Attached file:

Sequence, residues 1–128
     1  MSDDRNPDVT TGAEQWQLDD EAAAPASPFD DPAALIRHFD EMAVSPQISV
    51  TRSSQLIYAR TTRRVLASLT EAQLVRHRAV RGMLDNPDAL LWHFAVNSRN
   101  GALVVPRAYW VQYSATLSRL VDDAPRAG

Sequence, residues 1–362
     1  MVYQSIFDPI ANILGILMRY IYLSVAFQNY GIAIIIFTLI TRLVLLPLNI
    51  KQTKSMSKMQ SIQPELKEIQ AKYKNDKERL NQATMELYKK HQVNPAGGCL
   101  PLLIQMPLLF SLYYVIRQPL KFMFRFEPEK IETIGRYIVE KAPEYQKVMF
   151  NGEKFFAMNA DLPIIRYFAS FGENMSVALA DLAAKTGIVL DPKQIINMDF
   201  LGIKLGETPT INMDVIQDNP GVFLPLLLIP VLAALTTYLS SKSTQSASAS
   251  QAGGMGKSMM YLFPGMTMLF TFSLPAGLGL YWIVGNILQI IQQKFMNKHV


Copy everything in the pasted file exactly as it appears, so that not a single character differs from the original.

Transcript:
Sequence, residues 1–128
     1  MSDDRNPDVT TGAEQWQLDD EAAAPASPFD DPAALIRHFD EMAVSPQISV
    51  TRSSQLIYAR TTRRVLASLT EAQLVRHRAV RGMLDNPDAL LWHFAVNSRN
   101  GALVVPRAYW VQYSATLSRL VDDAPRAG

Sequence, residues 1–362
     1  MVYQSIFDPI ANILGILMRY IYLSVAFQNY GIAIIIFTLI TRLVLLPLNI
    51  KQTKSMSKMQ SIQPELKEIQ AKYKNDKERL NQATMELYKK HQVNPAGGCL
   101  PLLIQMPLLF SLYYVIRQPL KFMFRFEPEK IETIGRYIVE KAPEYQKVMF
   151  NGEKFFAMNA DLPIIRYFAS FGENMSVALA DLAAKTGIVL DPKQIINMDF
   201  LGIKLGETPT INMDVIQDNP GVFLPLLLIP VLAALTTYLS SKSTQSASAS
   251  QAGGMGKSMM YLFPGMTMLF TFSLPAGLGL YWIVGNILQI IQQKFMNKHV